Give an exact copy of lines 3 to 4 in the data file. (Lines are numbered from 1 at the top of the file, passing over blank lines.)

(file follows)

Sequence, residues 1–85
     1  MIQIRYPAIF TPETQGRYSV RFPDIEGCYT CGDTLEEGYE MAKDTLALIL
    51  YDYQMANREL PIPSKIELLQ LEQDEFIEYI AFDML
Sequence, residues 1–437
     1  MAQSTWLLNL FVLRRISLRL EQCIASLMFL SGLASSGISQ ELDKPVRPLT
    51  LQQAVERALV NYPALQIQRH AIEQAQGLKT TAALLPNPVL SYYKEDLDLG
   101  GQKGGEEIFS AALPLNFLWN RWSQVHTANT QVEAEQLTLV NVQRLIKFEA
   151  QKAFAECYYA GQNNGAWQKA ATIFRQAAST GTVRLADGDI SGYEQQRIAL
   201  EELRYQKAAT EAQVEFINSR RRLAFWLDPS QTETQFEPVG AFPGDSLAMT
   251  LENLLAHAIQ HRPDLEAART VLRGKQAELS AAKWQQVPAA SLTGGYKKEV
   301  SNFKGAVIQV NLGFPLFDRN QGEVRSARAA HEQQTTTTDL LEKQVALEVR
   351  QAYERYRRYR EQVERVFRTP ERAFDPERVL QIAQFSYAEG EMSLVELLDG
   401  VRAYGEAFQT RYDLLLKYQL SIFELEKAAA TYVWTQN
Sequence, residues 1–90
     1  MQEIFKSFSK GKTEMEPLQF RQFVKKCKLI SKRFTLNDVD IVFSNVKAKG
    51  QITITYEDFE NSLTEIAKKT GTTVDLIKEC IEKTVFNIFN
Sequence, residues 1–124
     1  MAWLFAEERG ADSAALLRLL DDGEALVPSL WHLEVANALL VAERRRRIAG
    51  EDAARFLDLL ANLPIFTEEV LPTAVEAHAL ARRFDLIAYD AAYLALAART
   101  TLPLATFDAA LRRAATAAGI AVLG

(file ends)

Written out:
    51  YDYQMANREL PIPSKIELLQ LEQDEFIEYI AFDML
Sequence, residues 1–437